Why oh why are so many people searching for pissing in China??!  The search term that caught my eye today was none other than, “Chinese pissing websites”
What the fuck people!

 

Seriously – if you yourself have happened to search for pissing in China, i’d love if you could stop by and fill me in as to why. It’s one of life’s great (miniscule) mysteries.

 

Sheesh!

The obligatory pissing image.

Of course by writing this post, i’ve damned myself to another ten years of pissing in China search results plaguing my webstats 🙂

Remembering China # 4: Tai Hu

June 2, 2013

Lake Tai, or Tài Hú is not only China’s 3rd largest freshwater lake, but one of the main reasons that Wuxi is a popular Chinese tourist city. Wuxi is a pretty cool place really, with lots of things to do and see, but for the foreign tourist to China, there’s definitely other places you’d be better off visiting – such as Suzhou next door – or Hangzhou just a short distance away.

Funnily enough, we only went to Tai Hu one time. It was the end of winter and absolutely freezing, but the guy who was charged with babysitting us in those early days, Pan Zili, graciously drove us down there for a look. It was quite pretty actually, and if you pretended that the haze was mist and not smog, you could go so far as to say it was picturesque.

Most of the surrounding trees and grasses were brown and flattened from the recent snow, but there was a nice vibe down there – plus a few pagoda style teahouses (you know, like the ones we imagined as our stereotypical China).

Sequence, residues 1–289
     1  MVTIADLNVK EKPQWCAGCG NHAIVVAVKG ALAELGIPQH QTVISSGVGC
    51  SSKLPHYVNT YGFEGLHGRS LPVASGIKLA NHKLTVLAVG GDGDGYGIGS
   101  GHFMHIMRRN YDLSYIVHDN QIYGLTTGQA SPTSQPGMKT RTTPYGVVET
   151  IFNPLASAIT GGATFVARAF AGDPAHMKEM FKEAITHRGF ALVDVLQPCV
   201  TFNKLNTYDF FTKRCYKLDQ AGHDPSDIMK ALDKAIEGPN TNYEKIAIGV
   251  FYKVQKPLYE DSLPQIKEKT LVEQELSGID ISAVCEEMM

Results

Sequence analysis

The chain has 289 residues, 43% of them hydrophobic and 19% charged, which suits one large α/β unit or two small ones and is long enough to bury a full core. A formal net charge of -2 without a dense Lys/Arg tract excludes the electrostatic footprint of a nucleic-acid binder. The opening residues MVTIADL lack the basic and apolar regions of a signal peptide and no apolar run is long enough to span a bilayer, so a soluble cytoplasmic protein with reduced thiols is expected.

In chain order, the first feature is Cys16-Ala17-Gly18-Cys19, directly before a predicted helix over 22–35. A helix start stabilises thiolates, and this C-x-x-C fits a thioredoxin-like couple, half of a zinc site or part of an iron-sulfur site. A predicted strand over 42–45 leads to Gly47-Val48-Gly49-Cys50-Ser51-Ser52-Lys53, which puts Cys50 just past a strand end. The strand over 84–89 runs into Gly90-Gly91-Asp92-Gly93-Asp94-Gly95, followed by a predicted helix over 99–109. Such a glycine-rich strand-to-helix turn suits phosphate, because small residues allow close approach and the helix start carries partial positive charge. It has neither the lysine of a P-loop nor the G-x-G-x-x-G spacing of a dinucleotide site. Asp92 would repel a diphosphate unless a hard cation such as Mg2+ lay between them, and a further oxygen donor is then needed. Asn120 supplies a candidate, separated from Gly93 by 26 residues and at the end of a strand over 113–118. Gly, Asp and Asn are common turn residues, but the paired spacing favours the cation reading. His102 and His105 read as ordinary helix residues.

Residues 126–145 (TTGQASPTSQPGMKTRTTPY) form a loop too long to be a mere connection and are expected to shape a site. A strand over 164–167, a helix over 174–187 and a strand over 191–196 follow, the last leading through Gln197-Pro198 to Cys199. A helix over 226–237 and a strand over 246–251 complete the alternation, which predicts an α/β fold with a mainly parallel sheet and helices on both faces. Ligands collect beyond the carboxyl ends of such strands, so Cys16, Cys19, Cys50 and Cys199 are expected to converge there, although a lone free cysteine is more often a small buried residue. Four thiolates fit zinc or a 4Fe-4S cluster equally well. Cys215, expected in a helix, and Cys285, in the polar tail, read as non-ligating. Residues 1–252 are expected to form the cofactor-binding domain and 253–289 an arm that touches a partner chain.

One of the best things about our visit to Tai Hu, was walking across an old looking Chinese bridge(that was probably only recently built) to a small island. On that island, a pack of around 5 feral cats were absolutely going to town on a rubbish bin. Whenever we travel, we always try and find cats – so these feral, scrawny little beasts made our day.

I don’t know why we didn’t go down there more often to be honest. There are several touristy locations, such as Turtle Head park, and a Chinese movie studio where they still film period drama’s and movies, while putting on live shows. I guess all told, without access to a car, it was a bit of a pain in the ass – particularly seeing it wasn’t on the same side of Wuxi as the school where we lived.

The only other time we were going to go there, was a few days before our kiwi friends, Matt & Abby, were about to head home to New Zealand. As the four of us hopped in a taxi and made our way towards the lake, it became darker and darker, until it was what we officially call ‘scary dark’ – in that, it looked like the weather in the USA just prior to a tornado touching down. It then proceeded to dump down rain for the rest of the day, so we just returned to Wuxi city centre and walked around, enjoying the surprised water attacks that would pop out from beneath the tiled pathways.

Tai Hu was actually a very prominent part of Chinese news a few years before we were there. Large algae blooms were appearing in the water, which was a massive issue as it’s still used as one of Wuxi’s primary drinking water sources. There’s even a beer called Tai Hu Shui – meaning literally ‘Tai Hu water’ –  a pretty good beer at that!

The son of one of the owners of the Aussie expat bar in Wuxi said it was terrible. He said that when they turned the taps on, the water coming out was a horrible thick green sludge – mm, mmh! And what causes algae blooms you might ask? None other than pollution – and likely industrial waste dumped directly into the lake from any of the numerous factories in the area.

If you happen to get to Wuxi, do make the effort to visit Tai Hu, and if you do get there, please send me a photo of you in the paddleboat – i’ll appreciate it on multiple levels.

Lake Tai Hu, Wuxi

Lake Tai Hu, Wuxi